Net Zero Targets and GHG Emission Reduction in the UK and Norwegian Upstream Oil and Gas Industry: A Comparative Assessment

The recent adoption by the UK and Norway of ‘net zero’ and ‘climate neutrality’ targets by 2050 has galvanised the upstream oil and gas industry in both countries to adopt GHG emission reduction targets for 2030 and 2050 for the first time. Meeting these targets, ensuring an appropriate sharing of costs between investors and taxpayers and preserving investor confidence will present a lasting challenge to governments and industry.  The scale of the challenge on the Norwegian Continental Shelf (NCS) is far greater than on the more mature UK Continental Shelf (UKCS) since the remaining resource base is much larger, the expected future production decline is less severe and the emission intensity on the NCS is already much lower (10 kg CO2e/boe) than on the UKCS (28 kgCO2e/boe).  Norway is expected to deliver future CO2 emission reduction through an extension of its existing power-from-shore electrification programme. The high cost of such investment, borne mainly by the state via the tax system, is a political and social choice made by Norway to reduce upstream CO2 emissions without giving up its commitment to develop its remaining offshore resources.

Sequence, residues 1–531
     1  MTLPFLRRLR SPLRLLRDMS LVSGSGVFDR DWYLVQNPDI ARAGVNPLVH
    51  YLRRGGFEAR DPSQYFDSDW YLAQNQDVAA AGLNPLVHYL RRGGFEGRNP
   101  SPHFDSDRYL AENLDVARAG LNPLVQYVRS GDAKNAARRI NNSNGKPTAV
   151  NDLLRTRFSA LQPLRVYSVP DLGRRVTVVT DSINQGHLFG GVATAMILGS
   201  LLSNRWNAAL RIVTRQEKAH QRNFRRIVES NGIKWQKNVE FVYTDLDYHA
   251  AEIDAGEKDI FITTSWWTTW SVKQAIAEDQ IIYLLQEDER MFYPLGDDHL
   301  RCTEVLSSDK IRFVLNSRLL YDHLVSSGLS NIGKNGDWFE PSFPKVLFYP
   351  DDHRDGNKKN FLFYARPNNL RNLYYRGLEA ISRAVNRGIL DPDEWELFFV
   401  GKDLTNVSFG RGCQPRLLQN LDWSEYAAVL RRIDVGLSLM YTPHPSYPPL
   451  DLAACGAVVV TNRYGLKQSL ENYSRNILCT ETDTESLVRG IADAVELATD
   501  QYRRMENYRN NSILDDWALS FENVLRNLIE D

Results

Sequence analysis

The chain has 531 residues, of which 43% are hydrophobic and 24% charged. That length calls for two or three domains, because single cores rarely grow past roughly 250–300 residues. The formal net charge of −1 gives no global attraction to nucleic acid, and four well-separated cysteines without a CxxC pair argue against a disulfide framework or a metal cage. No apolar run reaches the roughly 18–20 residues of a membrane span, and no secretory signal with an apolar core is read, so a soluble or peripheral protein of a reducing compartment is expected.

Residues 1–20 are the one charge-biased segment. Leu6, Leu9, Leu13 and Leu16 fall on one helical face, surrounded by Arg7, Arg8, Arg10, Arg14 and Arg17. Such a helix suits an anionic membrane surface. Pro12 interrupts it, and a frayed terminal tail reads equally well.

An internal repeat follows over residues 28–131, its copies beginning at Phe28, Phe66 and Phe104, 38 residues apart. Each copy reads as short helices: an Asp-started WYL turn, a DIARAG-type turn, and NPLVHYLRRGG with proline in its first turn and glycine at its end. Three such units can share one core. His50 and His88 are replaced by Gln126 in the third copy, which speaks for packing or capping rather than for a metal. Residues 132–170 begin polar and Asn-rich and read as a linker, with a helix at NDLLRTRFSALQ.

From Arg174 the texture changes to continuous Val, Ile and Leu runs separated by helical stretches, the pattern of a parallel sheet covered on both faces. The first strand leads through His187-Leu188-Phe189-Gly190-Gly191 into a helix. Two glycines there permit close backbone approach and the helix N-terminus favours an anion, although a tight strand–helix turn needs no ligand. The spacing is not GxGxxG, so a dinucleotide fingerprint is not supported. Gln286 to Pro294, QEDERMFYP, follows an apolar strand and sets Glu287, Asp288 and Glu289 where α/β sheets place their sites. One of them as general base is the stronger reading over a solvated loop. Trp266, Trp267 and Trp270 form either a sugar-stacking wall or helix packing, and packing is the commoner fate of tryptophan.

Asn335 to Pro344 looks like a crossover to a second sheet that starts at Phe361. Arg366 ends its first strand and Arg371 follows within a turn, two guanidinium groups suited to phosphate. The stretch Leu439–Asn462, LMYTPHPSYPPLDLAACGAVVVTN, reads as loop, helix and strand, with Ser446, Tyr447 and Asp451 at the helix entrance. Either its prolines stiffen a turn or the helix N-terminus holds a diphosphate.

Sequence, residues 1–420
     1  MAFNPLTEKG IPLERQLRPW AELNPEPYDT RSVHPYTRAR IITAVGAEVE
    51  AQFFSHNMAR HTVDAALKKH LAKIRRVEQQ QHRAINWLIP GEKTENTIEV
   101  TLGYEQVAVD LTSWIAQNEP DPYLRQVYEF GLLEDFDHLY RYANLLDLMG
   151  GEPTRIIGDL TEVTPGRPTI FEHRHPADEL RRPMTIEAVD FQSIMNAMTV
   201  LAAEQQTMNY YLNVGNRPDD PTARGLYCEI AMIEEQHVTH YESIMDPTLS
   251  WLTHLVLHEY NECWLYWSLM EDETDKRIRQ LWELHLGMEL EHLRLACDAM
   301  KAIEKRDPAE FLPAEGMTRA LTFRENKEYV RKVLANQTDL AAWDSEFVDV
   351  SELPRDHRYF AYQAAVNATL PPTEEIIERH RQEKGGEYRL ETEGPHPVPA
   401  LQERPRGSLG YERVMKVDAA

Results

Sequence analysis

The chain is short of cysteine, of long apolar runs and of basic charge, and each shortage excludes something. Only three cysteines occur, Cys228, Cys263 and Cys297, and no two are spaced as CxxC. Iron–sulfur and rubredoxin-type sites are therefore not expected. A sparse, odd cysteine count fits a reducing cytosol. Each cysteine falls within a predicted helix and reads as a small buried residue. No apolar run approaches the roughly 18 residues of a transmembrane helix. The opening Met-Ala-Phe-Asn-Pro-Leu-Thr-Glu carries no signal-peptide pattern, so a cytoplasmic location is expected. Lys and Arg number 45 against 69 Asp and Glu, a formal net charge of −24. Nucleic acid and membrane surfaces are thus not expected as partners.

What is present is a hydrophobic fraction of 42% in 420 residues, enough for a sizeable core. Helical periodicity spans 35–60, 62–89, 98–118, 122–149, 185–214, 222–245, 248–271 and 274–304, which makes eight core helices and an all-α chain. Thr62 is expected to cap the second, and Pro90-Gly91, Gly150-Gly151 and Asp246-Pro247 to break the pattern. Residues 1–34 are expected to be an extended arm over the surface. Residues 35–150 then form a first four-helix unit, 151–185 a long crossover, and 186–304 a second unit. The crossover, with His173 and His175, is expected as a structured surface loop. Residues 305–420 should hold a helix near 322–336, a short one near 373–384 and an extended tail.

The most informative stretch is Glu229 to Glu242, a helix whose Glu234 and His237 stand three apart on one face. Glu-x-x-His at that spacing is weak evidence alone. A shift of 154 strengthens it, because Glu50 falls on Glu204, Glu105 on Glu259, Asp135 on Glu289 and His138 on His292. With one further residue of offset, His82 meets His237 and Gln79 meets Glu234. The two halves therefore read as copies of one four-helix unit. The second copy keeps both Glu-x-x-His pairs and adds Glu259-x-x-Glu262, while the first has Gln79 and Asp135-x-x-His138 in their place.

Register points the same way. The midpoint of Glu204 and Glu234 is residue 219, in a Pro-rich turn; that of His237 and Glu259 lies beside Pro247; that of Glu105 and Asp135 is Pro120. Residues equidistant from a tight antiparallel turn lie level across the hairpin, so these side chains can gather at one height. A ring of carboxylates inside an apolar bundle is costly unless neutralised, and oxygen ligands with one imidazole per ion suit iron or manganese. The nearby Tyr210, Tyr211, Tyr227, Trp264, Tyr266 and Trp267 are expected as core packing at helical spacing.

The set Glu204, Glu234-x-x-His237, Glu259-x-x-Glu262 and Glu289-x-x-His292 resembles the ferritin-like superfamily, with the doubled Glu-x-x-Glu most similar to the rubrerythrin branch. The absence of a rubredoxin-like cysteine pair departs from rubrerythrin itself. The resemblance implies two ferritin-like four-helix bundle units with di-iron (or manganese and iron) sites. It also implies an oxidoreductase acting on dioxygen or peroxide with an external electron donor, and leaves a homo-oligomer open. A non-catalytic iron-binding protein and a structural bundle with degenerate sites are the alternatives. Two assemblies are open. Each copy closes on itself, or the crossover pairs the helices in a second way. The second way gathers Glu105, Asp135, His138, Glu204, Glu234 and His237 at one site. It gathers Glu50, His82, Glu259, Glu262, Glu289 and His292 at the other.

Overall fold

On the UKCS, the new industry target to reduce GHG emissions by 50 per cent by 2030 will require the integration of emission abatement into the OGA’s MER UK strategy, well-designed economic incentives, including possibly carbon pricing and fiscal reform, and behavioural changes from operators. The relatively short remaining economic life of many mature fields and the dispersed nature of offshore power demand penalises both power-from-shore and CCS as routes to least-cost emission reduction but future integration with offshore renewable electricity generation may offer some abatement opportunities at larger installations. Methane emissions have for some years been a blind spot for government and industry on the UKCS. The UKCS has the potential to reduce methane emissions significantly from flaring, venting and leakage through better emission reporting, a more robust consents regime and changes to operating practices.

By: Marshall Hall